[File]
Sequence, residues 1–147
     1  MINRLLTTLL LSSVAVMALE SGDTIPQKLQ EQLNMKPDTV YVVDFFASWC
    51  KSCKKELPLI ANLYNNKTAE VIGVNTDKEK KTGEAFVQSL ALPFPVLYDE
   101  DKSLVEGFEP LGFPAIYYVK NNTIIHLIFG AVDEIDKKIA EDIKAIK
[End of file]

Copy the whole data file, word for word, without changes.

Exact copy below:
Sequence, residues 1–147
     1  MINRLLTTLL LSSVAVMALE SGDTIPQKLQ EQLNMKPDTV YVVDFFASWC
    51  KSCKKELPLI ANLYNNKTAE VIGVNTDKEK KTGEAFVQSL ALPFPVLYDE
   101  DKSLVEGFEP LGFPAIYYVK NNTIIHLIFG AVDEIDKKIA EDIKAIK